Through the 80s and 90s when figurative work was completely out of favour sculptor Paul Dibble relentlessly created his semi-realistic depictions; mermaids and farmers, characters holding oceans, sheep and ukulele; that described New Zealand. He toyed with abstraction in a series in the late 90s - constructionist works where the figure, but still a figure, was reduced to the mathematical shapes of cones and spheres. It was only midway into the 2000 decade when simple forms predominated and he included in his oeuvre works that would be defined as truly abstract, this area not explored since his student days at art school.
Only what must be described as a contrary bend makes him take up and mount an exhibition of abstracted forms now, when figurative work has returned to favour. The new abstracts at Page Blackie Gallery include some which are rounded soft forms, with shapes like koru and circles carved out of their bulk. These negative shapes are worked with as much consideration in composition as the actual form itself. They exist as gems with satisfying proportions that become aesthetic objects. Although not realistic these artworks still carry their own narrative. They hint at the movements of international and New Zealand modernism, sounding distant echoes of the voice of Arp, Zadkine, Archipenko and Picasso but still encompass a bicultural background in both the European and Maori.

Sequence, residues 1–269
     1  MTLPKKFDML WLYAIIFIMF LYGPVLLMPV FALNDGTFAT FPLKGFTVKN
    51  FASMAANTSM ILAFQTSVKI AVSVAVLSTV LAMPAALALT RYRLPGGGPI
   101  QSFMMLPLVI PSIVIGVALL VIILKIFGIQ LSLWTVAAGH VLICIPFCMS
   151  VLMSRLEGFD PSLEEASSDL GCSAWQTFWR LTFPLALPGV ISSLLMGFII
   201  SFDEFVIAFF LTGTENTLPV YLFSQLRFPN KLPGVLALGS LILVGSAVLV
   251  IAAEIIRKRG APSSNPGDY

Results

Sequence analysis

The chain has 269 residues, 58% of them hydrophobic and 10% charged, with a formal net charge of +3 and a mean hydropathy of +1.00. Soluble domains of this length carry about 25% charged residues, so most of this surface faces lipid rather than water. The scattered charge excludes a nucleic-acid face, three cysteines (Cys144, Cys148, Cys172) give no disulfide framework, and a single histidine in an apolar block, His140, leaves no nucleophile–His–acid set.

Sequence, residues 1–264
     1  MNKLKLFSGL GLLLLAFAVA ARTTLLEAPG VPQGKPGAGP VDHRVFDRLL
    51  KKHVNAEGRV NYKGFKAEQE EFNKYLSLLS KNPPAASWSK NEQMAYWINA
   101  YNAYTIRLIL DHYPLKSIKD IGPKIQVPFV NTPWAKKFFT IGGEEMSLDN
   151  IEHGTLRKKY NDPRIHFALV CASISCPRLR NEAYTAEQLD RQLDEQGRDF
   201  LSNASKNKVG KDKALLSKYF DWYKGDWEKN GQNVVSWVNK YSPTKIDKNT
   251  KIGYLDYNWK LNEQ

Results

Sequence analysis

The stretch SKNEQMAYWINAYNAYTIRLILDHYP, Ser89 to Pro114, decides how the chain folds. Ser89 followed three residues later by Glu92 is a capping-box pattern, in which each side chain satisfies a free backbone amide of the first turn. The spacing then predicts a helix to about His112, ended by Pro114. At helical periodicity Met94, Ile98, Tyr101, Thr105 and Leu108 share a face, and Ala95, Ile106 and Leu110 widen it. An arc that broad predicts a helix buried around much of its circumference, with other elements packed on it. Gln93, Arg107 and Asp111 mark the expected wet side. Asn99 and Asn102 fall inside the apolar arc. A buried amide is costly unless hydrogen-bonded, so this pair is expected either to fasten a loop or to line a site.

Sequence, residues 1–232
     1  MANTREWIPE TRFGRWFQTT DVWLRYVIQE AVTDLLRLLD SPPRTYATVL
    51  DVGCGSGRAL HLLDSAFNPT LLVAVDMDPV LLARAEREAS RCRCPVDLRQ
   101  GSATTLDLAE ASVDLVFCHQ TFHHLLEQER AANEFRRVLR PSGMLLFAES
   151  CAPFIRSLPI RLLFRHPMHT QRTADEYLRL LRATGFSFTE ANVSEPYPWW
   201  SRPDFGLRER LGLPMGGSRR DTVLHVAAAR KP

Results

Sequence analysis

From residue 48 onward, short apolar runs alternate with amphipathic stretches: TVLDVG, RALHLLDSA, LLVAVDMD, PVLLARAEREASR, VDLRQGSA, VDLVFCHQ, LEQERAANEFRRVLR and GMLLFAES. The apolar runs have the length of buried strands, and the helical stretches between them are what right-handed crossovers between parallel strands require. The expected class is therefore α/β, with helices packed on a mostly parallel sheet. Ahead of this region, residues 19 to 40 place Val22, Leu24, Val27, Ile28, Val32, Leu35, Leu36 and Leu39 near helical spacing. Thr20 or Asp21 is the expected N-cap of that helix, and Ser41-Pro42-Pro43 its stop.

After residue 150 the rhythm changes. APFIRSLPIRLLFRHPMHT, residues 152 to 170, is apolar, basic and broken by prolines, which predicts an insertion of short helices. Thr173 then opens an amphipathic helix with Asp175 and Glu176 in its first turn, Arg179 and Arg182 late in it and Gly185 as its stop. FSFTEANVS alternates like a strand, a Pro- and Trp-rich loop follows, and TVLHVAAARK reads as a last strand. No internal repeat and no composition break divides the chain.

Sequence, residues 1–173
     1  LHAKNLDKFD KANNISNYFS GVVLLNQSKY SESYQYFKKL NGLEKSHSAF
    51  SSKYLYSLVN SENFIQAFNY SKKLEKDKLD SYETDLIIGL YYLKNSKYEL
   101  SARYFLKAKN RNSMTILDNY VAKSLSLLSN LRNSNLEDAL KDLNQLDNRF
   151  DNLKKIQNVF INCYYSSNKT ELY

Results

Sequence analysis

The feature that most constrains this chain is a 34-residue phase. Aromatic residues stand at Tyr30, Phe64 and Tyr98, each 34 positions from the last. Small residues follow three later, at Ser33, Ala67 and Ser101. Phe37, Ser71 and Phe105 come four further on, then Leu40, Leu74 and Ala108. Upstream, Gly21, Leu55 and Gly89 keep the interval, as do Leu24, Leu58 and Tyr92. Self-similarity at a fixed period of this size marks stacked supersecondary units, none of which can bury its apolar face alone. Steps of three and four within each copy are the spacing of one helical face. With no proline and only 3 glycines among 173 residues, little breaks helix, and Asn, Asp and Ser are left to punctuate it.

Other works in the exhibition stretch the shapes into multi-pronged, more fluid forms, often with several articles fitted in together, creating an internal dialogue within the works in the way the elements relate to each other.
So this show is a return and an adaption. It calls to mind where Dibble has come from - art school training by lecturers that were still seeped in the history of modernism - but extended and moving forward - relocating it to this land and updating it into the contemporary.